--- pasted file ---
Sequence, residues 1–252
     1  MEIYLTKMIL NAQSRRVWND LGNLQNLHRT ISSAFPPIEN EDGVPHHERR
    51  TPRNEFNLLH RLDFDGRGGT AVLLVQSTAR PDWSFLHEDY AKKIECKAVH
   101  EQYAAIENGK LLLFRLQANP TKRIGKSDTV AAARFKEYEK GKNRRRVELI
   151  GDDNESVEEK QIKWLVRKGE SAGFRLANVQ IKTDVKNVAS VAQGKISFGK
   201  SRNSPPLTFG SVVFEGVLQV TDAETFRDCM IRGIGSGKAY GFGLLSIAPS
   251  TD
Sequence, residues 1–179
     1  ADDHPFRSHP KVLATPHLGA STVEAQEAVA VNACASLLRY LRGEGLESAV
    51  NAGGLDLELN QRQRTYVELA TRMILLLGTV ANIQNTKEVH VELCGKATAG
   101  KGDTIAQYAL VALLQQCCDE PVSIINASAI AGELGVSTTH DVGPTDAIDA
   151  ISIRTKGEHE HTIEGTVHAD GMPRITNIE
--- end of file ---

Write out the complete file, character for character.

Sequence, residues 1–252
     1  MEIYLTKMIL NAQSRRVWND LGNLQNLHRT ISSAFPPIEN EDGVPHHERR
    51  TPRNEFNLLH RLDFDGRGGT AVLLVQSTAR PDWSFLHEDY AKKIECKAVH
   101  EQYAAIENGK LLLFRLQANP TKRIGKSDTV AAARFKEYEK GKNRRRVELI
   151  GDDNESVEEK QIKWLVRKGE SAGFRLANVQ IKTDVKNVAS VAQGKISFGK
   201  SRNSPPLTFG SVVFEGVLQV TDAETFRDCM IRGIGSGKAY GFGLLSIAPS
   251  TD
Sequence, residues 1–179
     1  ADDHPFRSHP KVLATPHLGA STVEAQEAVA VNACASLLRY LRGEGLESAV
    51  NAGGLDLELN QRQRTYVELA TRMILLLGTV ANIQNTKEVH VELCGKATAG
   101  KGDTIAQYAL VALLQQCCDE PVSIINASAI AGELGVSTTH DVGPTDAIDA
   151  ISIRTKGEHE HTIEGTVHAD GMPRITNIE